"Application of MARS to Gene Expression Data: Predictive Models of Gene Regulation"
Gene transcription is an essential process in the survival of living organisms. Regulation of gene transcription is complex, especially in eukaryotes. It is executed by a large number of transcription factors (TFs) which bind to the specific DNA elements in the promoter regions of the genes. It is inherently combinatorial in nature. Thus, in many cases, multiple transcription factors bind to the promoter region of a gene and synergistically activate or repress transcription. Current computational models for transcriptional regulation do not take such synergistic effects into account. Older approaches to this problem have been restricted to clustering genes by their expression profiles followed by a search for a common set of DNA motifs in the promoter regions of the genes in a given cluster. This approach is limited by the fact that many genes do not tend to cluster. Recent attempts have tried to overcome this limitation by fitting a linear model between the frequencies of binding motifs and the gene expression levels. However, such models do not take into account the synergistic effects described above. Besides, since in such an approach, the binding affinities of various TFs are approximated by the motif frequencies, there are additional complex dependencies which are not accounted for. MARS (Multivariate Adaptive Regression Splines) provides a natural framework to quantify such cooperative effects along with the linear effects on gene expression. MARS breaks down the feature (motif) space into separate domains of smooth variability and obtains the best fit in each such domain: the final prediction is an additive contribution from each such domain. Thus, along with the nonlinearities and interactive effects, it can capture additional complexities in the underlying data. We apply MARS to the microarray expression data and show that inclusion of synergistic pairs leads to an improvement of fit over the noninteracting model in 70% of the cases, with an average improvement of 46% in such cases. Significant motifs and motif pairs at various stages of transcription are appropriately predicted. Shenghan Lai, Johns Hopkins Bloomberg School of Public Health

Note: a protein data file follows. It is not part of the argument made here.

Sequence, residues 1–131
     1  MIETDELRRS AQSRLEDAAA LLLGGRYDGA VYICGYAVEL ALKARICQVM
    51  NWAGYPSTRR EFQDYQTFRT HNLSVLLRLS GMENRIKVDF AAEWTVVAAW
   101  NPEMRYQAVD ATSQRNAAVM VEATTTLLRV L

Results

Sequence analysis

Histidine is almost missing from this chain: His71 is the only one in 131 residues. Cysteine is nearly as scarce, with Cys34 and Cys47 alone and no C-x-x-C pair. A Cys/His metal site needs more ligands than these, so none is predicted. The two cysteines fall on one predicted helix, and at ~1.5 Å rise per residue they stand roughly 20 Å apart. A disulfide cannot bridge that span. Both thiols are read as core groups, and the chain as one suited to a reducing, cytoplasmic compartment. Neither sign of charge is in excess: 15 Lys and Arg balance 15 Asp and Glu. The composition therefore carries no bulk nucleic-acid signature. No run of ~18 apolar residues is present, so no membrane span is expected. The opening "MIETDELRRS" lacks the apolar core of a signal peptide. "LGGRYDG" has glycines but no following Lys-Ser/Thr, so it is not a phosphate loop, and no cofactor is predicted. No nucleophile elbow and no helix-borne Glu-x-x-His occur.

"Examples in Epidemiology: Using CART, MARS, and TreeNet"
MARS, CART and TreeNet/MART are exceptionally powerful techniques in analyzing massive epidemiologic data. In this presentation, several examples from our epidemiologic research are used to illustrate the usefulness of these data mining techniques. The first example was to use MARS to explore the association between regional heart function and coronary calcification. This example demonstrated that without MARS analysis, the conventional approach failed to identify the association. The second example was to use CART to classify the study participants. This example showed that CART is more powerful than the conventional logistic regression analysis. The third example was to use MART to explore the association between vitamin E and the development of myocardial infarction. Again, this example suggested that without MART, the relationship may never be able to be identified.
David Goldsmith, MDT Advisers
"Combined Time Series and Cross Sectional CART Modeling for Common Stock Selection"
This presentation shows how CART can be used to cluster common stocks based on predicted relative performance. Although standard CART is a useful tool for this problem, it does not really address the statistical subtleties inherent in modeling combined time-series and cross-sectional (TSCS) data. The good news, though, is that the split rules and forecasting methods in standard CART can be readily extended to more accurately model TSCS data. The presentation will describe a way of doing this for my TSCS problem, and suggests that the same general approach can be used for other statistically complicated problem.
CART Data Mining Conference May 22-24, 2004 San Francisco CA